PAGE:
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The Pioneer of Korean Avant-Grade Art

ARTIST INSIDE 2022 | Kim Kulim

The Pioneer of Korean Avant-Grade Art

In a full-page article this June, the New York Times called Kim “the Founding Father of Korean Multimedia.”
It shined a spotlight on Kim, whose object, installation, and performance works have helped shape the diversity of Korean contemporary art.
The Korean art world’s perception of the artist has been summarized in a one-line comment:
“Few artists have done as many strange things as Kim Kulim.”
In a Korean art world dominated by paintings, he is the artist who has done the most work outside of this medium.
Since the 1960s, Korean avant-garde art has come to be recognized abroad, and “strange” has come to mean unique and different.
We met Kim Kulim, the very center of the conversation, in his studio.

Your dedication during your illness is remarkable. What interests drive your work?

I don’t have an assistant because I can’t work if I have someone next to me. It’s hard to do it alone when you’re a terminal cancer patient. But I keep looking at the world, what kind of world I live in. I look at newspapers, magazines, everything. The world is the source of my work, so I get inspired by what’s going on.

Do you think your work has changed as the world has changed?

In the art world, I’ve been asked about what my identity is. But an artist’s work should change according to the world. Do you think people who watch black and white TV, people who watch color TV, and people who watch the world have the same perspective? Now, if you’re not watching TV, but watching everything on your cell phone, your work has to change. Art is life, and if you stay in the past, you’re an artist who falls into mannerisms.

Kim Kulim, 김구림, Yin and Yang 91-L, 13, 1991, Fishing pole, water bucket, and acrylic on canvas, 213 × 335 cm

So, you put everyday objects on the canvas, and then you also set it on fire.

The first piece I set on fire is in the collection of the Tate Modern in England, called “Death of the Sun 1” (1964), and it’s a representation of death that I saw. It was a time when violence was rampant. When I was in the army, I was beaten up too, and I was put in a military hospital, and there I saw people dying like that next to me. I was using a lot of black because it hurt so much. I even lit the canvas on fire. Tate Modern interpreted that work as an avant-garde piece with a performance element.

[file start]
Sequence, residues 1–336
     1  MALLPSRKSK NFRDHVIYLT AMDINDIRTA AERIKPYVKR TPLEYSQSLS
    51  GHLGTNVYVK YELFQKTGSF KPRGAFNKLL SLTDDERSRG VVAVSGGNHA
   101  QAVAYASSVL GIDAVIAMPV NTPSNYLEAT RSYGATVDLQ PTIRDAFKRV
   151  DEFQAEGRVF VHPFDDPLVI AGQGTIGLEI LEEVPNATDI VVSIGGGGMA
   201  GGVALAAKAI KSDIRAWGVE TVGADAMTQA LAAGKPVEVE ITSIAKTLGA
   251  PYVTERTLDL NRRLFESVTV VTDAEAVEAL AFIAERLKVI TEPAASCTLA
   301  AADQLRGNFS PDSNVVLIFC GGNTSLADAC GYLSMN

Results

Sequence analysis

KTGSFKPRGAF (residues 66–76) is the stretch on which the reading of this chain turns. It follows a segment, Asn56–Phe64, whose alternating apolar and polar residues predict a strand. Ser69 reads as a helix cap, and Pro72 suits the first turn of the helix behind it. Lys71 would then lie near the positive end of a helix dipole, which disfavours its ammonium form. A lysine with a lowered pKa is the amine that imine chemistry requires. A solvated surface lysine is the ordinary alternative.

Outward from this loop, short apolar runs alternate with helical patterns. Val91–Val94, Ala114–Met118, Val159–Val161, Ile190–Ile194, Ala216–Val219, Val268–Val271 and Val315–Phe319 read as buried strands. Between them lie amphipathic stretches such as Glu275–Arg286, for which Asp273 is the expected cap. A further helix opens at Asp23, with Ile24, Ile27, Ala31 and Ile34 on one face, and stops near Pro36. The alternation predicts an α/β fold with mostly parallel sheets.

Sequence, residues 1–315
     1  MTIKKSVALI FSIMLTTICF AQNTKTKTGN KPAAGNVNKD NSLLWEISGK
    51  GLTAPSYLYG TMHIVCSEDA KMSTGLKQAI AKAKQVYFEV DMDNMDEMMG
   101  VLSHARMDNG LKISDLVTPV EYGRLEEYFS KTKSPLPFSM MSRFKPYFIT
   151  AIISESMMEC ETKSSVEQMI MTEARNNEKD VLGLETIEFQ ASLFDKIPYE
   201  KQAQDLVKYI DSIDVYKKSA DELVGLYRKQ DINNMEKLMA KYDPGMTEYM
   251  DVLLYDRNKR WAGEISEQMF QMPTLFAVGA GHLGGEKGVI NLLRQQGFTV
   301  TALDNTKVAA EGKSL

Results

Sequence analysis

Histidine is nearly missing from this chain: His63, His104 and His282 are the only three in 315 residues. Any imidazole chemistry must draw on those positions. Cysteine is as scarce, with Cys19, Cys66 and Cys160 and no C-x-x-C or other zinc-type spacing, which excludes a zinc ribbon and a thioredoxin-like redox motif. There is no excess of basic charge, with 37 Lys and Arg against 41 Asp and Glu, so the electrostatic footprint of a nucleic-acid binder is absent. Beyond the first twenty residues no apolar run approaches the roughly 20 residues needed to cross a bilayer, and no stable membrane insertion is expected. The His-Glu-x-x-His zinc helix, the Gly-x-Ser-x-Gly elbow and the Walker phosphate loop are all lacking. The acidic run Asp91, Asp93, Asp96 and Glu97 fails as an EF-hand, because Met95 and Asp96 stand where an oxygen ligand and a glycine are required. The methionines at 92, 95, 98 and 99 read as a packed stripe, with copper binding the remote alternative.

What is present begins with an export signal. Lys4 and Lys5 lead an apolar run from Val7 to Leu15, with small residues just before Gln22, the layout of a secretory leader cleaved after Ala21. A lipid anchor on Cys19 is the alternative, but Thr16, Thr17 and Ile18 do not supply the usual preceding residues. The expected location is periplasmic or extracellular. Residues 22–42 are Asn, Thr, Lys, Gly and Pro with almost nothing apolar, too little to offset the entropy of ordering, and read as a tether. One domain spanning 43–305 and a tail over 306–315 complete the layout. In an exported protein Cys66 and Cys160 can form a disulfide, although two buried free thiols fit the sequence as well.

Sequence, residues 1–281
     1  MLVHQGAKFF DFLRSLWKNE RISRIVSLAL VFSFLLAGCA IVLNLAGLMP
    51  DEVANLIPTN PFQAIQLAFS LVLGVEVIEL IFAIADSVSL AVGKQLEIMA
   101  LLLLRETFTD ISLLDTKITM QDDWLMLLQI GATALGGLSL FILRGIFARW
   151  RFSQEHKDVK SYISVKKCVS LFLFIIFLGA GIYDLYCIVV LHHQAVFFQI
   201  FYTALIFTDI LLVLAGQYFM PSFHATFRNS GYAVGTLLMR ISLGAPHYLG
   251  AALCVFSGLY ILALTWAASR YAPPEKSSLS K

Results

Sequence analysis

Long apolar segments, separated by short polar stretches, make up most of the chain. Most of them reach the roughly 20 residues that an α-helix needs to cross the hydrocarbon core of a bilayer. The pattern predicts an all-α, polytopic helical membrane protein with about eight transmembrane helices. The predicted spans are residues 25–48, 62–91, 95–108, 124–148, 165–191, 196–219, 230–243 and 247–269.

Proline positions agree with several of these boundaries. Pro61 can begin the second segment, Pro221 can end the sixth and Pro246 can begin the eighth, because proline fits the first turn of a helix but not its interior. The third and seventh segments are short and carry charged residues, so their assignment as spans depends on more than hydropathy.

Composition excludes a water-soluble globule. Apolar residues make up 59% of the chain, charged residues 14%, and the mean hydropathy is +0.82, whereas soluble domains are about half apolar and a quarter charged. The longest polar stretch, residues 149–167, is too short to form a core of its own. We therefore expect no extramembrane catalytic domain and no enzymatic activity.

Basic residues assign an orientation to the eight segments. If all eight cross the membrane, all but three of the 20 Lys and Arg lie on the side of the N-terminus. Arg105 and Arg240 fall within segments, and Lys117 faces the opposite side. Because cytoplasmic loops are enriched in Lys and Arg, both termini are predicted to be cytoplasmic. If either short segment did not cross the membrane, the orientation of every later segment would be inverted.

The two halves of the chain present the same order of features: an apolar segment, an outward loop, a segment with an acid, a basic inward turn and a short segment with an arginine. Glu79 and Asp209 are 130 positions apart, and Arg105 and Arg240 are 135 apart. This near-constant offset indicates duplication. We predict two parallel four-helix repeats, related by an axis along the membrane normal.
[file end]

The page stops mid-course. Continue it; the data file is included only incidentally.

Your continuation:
Kim Kulim, 김구림, Yin and Yang 90-L 35, 1990, Newspaper, magazine and tree trunk, 216 × 835 × 835 cm

That work led to Earth Art in 1970. You also set grass on fire.

That’s right. I drew a zigzag line on the bank of the Han River to create seven triangles and set them on fire one after the other. I left behind four charred triangles and three unburnt triangles. The difference in behavior became a phenomenon and the burnt grass would only leave a trace over time. That’s why the piece is called “From Phenomenon to Trace.” It’s all so connected, but until now, my work hasn’t been understood.

Kim Kulim, 김구림, The Meaning of 124 Second, 124초의 의미, 1969, 16mm film, Producted, directed, edited and designed by Kim Kulim, Tate modern collection

Now that you mention it, your work at Kiaf SEOUL is also a continuation of your work from the 1960s.

That’s right. I’m showing collage works with objects attached to paintings. When others were studying at university, I was working at a textile company, so in my 1960s work, I glued machine parts onto the canvas. It’s about bringing daily life according to the times. I’m a mediator, an intermediary between art and life. When they say I’ve done the weirdest things, that’s exactly right.

Interview by Heaseung Kang, published on Kiaf 2022 Catalogue